There are only two reasons. First is because I wanted to have the freedom to do what I want with my own time. After ten years of working the corporate life, I really don’t see myself cooped up in an office for the next thirty years. I guess everybody who’s worked has felt that way. So how I did know I could be one? It was when my sister asked me to check her life insurance proposal mid last year. I evaluated the projected returns using the annuity formula, which allows you to compute the future value of annual payments made of a period of time given an interest rate (a good and common example would be loan payments or even those painful tax deductions). Ever since I’ve learned that formula, I have used it to calculate the future value of my investments in mutual funds and stocks, which I put money into every month. That’s also probably why I’m frugal, because I’m very much aware of the opportunity cost when I buy things that lose their value over time.
Second reason, I didn’t know it at first and it’s the people who I’ve talked to that have pointed this out but I’m really quite passionate about personal finance. I’d rather talk about how my stocks are doing than gossip about local celebrities. I’d rather read books and listen to people who talk about business and how to make more money than talk about the latest fashion trends. I guess I’m geeky that way. That has inevitably translated to how I spend and look at money. I’ve always been the practical one. My phone is pretty basic (never owned an Apple and the only Samsung I had was the one handed down to me by my brother) but I do splurge on footwear since comfort is a priority to me. I have clothes which have been with me since high school and college (either because of sentimental reasons, they just fit me, or are just too comfy to let go). As for my bonuses, I just spend 10-20% on my wants while the rest would go to my financial freedom account (insurance, mutual funds and stocks). I know that will all change when I have a baby of my own, and that’s exactly the reason why I’m maximizing my savings now.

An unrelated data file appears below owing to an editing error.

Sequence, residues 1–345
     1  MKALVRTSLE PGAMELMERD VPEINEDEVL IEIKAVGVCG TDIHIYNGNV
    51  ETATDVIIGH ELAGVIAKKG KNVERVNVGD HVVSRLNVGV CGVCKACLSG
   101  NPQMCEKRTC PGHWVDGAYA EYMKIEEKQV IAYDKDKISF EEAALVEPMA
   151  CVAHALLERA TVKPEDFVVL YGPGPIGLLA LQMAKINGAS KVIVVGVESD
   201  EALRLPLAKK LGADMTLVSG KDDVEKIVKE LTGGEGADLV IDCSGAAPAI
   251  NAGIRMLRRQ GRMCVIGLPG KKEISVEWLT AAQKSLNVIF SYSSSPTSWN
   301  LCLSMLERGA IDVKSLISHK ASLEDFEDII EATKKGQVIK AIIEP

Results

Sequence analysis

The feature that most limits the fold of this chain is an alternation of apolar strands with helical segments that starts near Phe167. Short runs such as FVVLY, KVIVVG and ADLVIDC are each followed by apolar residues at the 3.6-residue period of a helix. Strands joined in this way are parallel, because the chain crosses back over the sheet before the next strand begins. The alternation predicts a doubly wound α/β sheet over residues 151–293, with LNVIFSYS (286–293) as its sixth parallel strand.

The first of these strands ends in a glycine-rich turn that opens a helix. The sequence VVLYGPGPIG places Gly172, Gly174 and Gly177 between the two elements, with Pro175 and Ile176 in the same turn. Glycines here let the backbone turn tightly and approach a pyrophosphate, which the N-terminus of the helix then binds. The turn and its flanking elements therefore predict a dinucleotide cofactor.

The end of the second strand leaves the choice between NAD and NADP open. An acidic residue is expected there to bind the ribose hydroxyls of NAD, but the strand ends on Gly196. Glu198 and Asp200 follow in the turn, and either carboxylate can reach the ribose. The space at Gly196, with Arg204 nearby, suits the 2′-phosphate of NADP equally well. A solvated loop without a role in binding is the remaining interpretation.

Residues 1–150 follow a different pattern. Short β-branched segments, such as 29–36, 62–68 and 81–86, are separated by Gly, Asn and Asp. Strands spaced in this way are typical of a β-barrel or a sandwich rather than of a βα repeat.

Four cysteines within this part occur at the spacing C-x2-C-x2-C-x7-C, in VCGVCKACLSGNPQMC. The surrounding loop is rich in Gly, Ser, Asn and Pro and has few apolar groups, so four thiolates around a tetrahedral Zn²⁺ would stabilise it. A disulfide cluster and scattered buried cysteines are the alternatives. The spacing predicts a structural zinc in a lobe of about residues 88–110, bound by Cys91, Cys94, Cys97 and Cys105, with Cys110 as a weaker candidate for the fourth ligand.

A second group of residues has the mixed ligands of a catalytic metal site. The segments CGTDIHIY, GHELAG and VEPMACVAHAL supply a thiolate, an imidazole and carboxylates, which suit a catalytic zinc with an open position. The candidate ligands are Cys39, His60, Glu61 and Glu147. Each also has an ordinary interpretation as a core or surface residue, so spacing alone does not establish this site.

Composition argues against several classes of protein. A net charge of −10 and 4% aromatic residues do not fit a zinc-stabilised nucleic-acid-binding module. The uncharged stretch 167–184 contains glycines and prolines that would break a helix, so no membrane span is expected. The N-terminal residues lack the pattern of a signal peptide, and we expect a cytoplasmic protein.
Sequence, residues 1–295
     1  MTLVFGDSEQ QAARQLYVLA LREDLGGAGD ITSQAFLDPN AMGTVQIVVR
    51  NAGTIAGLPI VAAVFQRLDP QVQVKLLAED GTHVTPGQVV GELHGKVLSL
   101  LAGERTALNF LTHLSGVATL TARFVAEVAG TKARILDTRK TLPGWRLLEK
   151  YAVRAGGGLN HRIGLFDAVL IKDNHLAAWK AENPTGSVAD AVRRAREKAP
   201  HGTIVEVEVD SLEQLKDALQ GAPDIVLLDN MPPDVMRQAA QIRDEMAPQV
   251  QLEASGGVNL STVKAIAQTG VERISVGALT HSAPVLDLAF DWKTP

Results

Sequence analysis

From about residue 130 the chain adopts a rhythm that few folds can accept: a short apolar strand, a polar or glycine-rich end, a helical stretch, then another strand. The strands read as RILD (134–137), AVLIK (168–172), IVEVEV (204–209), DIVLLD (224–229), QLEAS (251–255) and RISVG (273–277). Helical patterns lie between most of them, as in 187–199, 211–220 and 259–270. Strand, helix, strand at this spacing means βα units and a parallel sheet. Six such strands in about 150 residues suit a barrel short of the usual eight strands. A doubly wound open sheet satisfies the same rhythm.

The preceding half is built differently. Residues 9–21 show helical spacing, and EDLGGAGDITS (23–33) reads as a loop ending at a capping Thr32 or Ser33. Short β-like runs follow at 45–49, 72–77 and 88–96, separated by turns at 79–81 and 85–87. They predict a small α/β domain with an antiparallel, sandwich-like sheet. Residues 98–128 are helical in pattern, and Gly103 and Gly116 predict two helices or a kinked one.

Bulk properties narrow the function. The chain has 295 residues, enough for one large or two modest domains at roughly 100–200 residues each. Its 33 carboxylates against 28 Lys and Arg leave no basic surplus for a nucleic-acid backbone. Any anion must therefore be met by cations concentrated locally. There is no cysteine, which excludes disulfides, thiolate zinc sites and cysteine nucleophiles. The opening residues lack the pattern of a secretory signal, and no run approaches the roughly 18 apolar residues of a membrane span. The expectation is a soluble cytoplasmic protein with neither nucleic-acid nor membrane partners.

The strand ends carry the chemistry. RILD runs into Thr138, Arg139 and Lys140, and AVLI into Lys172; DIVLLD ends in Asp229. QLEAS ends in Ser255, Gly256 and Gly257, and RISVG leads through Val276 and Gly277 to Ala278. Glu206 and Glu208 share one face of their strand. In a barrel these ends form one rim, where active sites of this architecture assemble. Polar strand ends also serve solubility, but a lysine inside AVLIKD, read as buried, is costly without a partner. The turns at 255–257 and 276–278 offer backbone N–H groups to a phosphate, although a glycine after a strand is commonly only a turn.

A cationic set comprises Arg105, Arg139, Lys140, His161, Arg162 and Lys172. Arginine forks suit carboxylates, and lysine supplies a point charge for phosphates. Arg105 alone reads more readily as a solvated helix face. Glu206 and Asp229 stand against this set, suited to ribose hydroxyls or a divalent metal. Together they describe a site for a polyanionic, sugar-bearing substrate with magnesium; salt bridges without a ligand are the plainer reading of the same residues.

Five months into it and all I can say is, it’s damn hard because it doesn’t mesh with another side of me: my shy side (haha!). I don’t like approaching people and selling to them. What I do like about it is that I get a chance to share my thoughts on savings, investments, stock markets, etc. What I do like about it are the number of trainings I’m able to attend about the stock market and investments in general, especially those held by Sunlife’s very own fund managers and tenured unit managers. I know that if I were to make it here, I’d have to thicken my skin, and that’s quite a challenge for me.
To me, being a financial adviser is not just about selling life insurance. It’s about educating the ordinary man how he can move out of the rat race to achieve financial security and freedom. It’s about teaching them to plan and save for the rainy days. It’s about changing their mindset about money. After all, schools didn’t teach us about money, which is why many Filipinos are financially illiterate and struggle financially. More than just being a salesman, it’s a service rendered by every financial freedom advocate out there. If you’d like to be a Sunlife financial advisor, let me know. There’s a business opportunity forum at Sunlife Bonifacio Global City office next Saturday, February 28, 2015.